San Fernando Valley Sun: State Officials Urge Students to Fill Out Financial Aid Forms Before Upcoming Deadlines

By Gabriel Arizon

Sen. Alex Padilla, along with officials from the federal Department of Education and California Student Aid Commission, are strongly encouraging college-bound students to apply as soon as possible for financial aid before the state and federal deadlines end.

Speaking via a webinar on April 26, the officials focused on the Education Department’s new Better Free Application for Federal Student Aid (FAFSA), providing tips on how to complete the process.

Although he understands this can be a stressful time for families, Padilla told his audience to complete the FAFSA forms before the extended state priority deadline on May 2, and the federal deadline on June 30.

The new form has caused problems for students from mixed-status families – families with people of different citizenship or immigration statuses – because some contributors may not have a Social Security number. The Department of Education has addressed some of the issues, but it has slowed down the number of students applying for financial aid.

“While the new processes may have delayed a seamless rollout, it’s still important for each student to fill out their FAFSA and look for all the sources of funding available to them to achieve their dreams of higher education,” Padilla said.

Melody Gonzalez, executive director of the White House Initiative on Advancing Educational Equity, Excellence and Economic Opportunity for Hispanics, said the Better FAFSA is much faster to complete –  around 15-20 minutes – and would allow more students to access the Pell grants.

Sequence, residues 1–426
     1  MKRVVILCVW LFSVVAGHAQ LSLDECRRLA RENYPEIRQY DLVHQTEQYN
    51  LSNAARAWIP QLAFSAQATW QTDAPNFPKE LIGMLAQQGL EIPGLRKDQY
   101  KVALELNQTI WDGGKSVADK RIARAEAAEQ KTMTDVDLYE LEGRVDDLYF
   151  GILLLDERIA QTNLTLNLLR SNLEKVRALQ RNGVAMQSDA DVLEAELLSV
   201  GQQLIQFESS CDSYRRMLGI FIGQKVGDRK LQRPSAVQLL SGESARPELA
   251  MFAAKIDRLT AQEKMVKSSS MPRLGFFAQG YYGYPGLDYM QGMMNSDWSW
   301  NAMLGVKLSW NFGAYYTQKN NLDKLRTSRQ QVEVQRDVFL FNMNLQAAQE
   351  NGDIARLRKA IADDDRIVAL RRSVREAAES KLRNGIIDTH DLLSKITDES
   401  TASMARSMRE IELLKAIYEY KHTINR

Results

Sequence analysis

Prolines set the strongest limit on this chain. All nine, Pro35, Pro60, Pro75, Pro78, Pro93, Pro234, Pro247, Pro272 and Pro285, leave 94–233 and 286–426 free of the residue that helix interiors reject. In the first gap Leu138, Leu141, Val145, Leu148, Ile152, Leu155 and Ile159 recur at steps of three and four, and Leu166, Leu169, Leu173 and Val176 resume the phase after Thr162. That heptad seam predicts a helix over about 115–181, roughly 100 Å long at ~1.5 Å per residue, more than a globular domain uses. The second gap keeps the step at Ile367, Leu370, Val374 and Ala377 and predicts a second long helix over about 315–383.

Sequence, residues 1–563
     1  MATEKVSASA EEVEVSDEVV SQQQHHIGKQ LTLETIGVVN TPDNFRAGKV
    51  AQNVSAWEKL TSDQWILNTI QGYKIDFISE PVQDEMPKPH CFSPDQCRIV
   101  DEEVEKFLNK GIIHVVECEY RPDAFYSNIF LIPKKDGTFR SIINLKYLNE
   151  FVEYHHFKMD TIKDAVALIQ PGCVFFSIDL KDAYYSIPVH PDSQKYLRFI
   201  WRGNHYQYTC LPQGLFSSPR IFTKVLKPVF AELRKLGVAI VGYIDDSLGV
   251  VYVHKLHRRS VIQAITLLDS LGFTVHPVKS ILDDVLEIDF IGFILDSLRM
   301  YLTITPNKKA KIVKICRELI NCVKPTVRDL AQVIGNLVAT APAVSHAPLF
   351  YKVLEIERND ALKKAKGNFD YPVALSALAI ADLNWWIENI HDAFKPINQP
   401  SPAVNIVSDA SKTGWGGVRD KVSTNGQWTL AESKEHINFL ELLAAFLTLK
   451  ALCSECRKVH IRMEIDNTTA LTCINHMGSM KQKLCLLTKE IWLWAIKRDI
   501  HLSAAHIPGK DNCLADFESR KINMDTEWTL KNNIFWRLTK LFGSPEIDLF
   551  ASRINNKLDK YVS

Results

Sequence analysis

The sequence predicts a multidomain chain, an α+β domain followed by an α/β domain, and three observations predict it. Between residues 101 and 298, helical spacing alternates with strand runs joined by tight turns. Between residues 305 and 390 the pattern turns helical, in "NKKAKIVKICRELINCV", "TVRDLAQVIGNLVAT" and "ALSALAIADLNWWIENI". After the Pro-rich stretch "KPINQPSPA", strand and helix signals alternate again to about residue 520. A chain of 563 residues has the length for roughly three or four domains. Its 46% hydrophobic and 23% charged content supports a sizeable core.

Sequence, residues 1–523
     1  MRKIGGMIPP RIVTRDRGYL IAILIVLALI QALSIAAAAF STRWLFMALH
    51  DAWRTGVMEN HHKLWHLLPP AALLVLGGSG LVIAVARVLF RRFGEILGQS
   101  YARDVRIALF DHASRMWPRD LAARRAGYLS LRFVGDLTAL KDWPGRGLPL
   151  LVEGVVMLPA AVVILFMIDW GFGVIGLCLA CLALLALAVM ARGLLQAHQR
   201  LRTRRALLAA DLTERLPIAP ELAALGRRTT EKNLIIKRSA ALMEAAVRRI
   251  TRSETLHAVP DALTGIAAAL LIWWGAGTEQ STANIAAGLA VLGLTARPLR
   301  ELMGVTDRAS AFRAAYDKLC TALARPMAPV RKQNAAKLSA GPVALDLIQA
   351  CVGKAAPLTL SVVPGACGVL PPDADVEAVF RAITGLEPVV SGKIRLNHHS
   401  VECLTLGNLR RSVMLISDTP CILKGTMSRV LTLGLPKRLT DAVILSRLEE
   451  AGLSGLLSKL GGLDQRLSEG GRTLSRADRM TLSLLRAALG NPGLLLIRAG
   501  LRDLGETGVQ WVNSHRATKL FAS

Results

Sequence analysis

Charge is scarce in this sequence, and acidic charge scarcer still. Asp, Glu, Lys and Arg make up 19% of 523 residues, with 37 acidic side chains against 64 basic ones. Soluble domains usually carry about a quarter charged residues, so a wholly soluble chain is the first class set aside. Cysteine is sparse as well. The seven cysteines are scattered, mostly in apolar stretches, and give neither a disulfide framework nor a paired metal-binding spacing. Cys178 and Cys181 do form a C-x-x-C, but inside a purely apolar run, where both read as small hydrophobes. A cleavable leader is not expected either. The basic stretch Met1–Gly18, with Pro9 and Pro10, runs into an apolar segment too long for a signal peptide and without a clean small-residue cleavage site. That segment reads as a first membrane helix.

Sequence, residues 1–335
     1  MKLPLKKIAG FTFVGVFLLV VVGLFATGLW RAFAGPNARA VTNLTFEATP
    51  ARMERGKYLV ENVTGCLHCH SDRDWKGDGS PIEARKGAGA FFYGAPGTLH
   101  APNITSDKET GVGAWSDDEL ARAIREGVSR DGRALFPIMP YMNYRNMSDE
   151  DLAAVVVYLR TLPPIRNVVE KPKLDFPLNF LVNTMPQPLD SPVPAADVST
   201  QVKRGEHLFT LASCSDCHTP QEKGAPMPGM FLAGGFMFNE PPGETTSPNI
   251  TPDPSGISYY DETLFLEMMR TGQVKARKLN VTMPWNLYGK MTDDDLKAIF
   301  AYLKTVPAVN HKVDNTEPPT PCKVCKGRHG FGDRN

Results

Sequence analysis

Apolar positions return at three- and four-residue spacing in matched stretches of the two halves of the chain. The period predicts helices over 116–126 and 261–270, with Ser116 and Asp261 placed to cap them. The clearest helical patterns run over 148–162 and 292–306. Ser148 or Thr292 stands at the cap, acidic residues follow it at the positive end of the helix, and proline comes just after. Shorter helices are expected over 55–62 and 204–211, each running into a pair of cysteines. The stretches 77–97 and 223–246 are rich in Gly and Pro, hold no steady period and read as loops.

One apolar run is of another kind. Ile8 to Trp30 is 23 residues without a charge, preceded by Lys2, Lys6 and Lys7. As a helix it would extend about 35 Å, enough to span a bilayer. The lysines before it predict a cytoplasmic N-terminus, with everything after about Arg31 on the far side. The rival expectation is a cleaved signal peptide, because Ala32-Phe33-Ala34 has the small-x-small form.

“Nationally, over 655,000 more students will receive grants than last year,” Gonzalez said. “Over 1.7 million more students will receive the maximum Pell Grant award than last year … [which] right now is set at $7,395. Remember, this Pell Grant does not have to be repaid.”

Gonzalez added that parents’ immigrant statuses will not be taken into account when determining a student’s eligibility.

Marlene Garcia, executive director of the California Student Aid Commission, said that year over year, the number of FAFSAs is down 30% among dependent first-time and returning applicants. For those in mixed-status families, and who haven’t been able to complete a FAFSA, Garcia recommended they complete the California Dream Act Application so they can meet the May 2 deadline.

“What we are also committed to do is once they get their application in and they get their information, which is called the student aid index, that’s what allows the financial aid packaging to occur,” Garcia explained. “This is really critical because the number one issue for us right now is ensuring all students have information in hand about what their financial aid package is going to look like so they can make an informed decision about which college to select to enroll in.”

To fill out a FAFSA, go to

To complete the California Dream Act Application, visit

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